Grease preview: ‘cheesy rather than serious’

By Simon Fearn

Grease often finds itself amongst the nation’s best-loved musical, and came out on top in a BBC poll back in 2005. The last two weeks of term seem the perfect time for some retro fun with Foot of the Hill Theatre’s upcoming revival. ‘When I went to NSDF, a lot of the time people were emphasising the historical context and political angles of their plays,’ remembers director Jonathon Vautrey. ‘With Grease, it’s just about having a good time.’

Grease is close to many of the cast’s hearts, particularly choreographer Katie Downes.Grease was my favourite musical since I was very young, and as soon as I found out that we were doing Grease this year I thought I had to be involved,’ she explains. ‘I can’t sing; I can’t act; so I thought I could either be a backing dancer or choreograph you guys.’ Sam Martin (Kenickie) has also immensely enjoyed bringing a familiar musical to life. ‘When you sing the songs in your room you just sing the lines that the leads sing, but the majority of what we do is singing the harmonies,’ he tells me. ‘The last note of Greased Lightning is a five part harmony, and when it works it’s really satisfying.’

With such a well-known musical, Vautrey knows that audiences will come expecting certain familiar moments from the evening, but also wanted to make the production seem original and fresh. ‘Giving the cast the freedom to think about the roles themselves and what they want to do with them helps it become fresh in a way that doesn’t get rid of all the stuff that an audience comes and wants to see,’ he says. In this spirit, the cast aim to focus on bringing out the fun aspects of the musical rather than bring a twenty-first century eye to the moral difficulties of the narrative, such as Sandy’s transformation to please Danny at the end. ‘We chose to just go for it and make it cheesy rather than serious, and trust the audience to take it with a pinch of salt,’ explains Wesley Milligan (Danny). ‘We’re not trying to pack any serious moral message.’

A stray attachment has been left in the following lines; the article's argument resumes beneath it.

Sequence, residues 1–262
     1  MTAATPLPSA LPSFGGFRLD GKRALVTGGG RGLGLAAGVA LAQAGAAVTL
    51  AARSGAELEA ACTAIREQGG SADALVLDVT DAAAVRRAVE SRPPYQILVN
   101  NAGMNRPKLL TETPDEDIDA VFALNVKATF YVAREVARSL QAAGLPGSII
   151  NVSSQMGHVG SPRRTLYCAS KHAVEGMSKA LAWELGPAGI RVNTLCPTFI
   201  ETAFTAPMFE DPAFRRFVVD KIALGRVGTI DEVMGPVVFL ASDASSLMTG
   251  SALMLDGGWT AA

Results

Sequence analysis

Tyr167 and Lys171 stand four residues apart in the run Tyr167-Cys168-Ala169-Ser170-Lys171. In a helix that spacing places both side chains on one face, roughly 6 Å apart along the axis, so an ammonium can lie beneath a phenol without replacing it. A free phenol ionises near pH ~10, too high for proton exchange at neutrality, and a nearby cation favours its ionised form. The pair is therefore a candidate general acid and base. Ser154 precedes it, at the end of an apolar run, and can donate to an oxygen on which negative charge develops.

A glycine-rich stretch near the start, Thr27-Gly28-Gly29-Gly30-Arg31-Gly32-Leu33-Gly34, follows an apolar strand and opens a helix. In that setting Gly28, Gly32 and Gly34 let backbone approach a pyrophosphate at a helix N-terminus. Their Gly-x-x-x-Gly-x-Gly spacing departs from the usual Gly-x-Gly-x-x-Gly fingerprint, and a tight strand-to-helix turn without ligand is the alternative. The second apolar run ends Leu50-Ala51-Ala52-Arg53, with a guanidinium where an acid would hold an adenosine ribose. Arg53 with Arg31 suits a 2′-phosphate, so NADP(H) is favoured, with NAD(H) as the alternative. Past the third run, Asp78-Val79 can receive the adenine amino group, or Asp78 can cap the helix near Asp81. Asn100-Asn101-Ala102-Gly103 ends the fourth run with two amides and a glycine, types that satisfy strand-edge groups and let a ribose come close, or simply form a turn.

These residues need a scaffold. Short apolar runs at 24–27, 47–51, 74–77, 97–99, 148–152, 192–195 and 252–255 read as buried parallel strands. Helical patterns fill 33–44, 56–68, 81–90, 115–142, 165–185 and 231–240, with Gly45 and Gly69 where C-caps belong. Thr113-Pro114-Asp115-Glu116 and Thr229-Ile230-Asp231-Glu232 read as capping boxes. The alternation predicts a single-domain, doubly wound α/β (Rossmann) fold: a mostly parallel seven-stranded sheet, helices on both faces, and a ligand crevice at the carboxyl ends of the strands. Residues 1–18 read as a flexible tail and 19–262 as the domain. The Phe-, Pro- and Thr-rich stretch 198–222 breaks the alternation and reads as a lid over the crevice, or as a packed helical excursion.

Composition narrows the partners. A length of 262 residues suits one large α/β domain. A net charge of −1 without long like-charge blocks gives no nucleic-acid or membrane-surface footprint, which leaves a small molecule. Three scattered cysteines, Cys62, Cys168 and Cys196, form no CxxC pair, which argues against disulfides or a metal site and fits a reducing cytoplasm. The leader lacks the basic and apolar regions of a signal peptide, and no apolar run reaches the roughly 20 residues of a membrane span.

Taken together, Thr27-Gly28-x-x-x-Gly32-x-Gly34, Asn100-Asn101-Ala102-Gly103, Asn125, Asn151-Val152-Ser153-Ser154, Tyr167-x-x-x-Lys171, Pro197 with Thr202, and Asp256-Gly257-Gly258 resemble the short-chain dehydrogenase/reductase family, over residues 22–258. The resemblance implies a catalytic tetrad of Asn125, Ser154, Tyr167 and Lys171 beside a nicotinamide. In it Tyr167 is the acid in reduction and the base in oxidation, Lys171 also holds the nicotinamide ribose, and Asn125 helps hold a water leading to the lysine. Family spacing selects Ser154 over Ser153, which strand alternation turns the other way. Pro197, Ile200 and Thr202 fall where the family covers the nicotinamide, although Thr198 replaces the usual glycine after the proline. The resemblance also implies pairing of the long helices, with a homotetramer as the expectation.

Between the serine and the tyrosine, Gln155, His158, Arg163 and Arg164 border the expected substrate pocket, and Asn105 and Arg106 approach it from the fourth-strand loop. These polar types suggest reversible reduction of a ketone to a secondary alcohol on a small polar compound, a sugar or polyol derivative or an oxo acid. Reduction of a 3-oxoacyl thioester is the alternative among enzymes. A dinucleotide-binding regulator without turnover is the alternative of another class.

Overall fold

Sandy’s transformation, however, may actually be a step towards her self-realisation rather than simply a negative compromise to please a man. ‘It’s quite difficult to find that balance between Sandy changing herself for Danny and also trying to seek acceptance in the Pink Ladies,’ Chloe Blakesley (Sandy) elaborates. ‘In the scene just before her transformation, the script does lend itself to her doing to because she wants it. That’s how I’ve tried to do it. I don’t know if either are the real Sandy.’ Downes is more certain that Sandy becomes more assertive as the musical progresses, and this is reflected in the choreography. ‘At the start Sandy is so unsure of herself and she doesn’t do anything with particular confidence,’ Downes explains. ‘At the end she thinks “this is me now and I’m not going to do anything half-heartedly anymore,” and you can visibly see that in the difference between Sandy at the start and You’re The One That I Want, where she’s pushing Danny around and she’s in control of that relationship then.’

Perhaps the main difference between a college musical like Grease and a DULOG production is that the cast are already a close-knit bunch, and this is reflected onstage. ‘Of all the shows I’ve done in Durham, this is the one that has the strongest chemistry across the entire cast,’ comments Smith-Galer. For Vautrey, this has created an infectious atmosphere during rehearsals. ‘One of the best things about keeping a Mary’s production mainly with Mary’s people involved (with the exception of Wesley, who we’ve adopted) is that people generally already know each other, so they come into a production and they’re instantly one big family,’ he says. ‘With some DST shows I’ve done you know people from various other shows that you’ve been in, and it can become little groups within a show.’

The fact that the cast are enjoying themselves will surely translate into a fabulous ensemble performance onstage, and promises to provide an evening of light-hearted entertainment. ‘There are some scenes where we’ve only just nailed doing it without laughing,’ Blakesley tells me. The team have constantly emphasised that the main aim of Grease is for both the cast and the audience to have as good a time as possible. ‘It’s a production where you don’t have to think too much while you’re watching, the same way you would watch a romcom,’ concludes Smith-Galer. ‘That is the appeal with Grease.

‘Grease’ will run from 16th to 17th June in St. Mary’s College Dining Hall. Book your tickets here.

Photograph: Jonathon Vautrey

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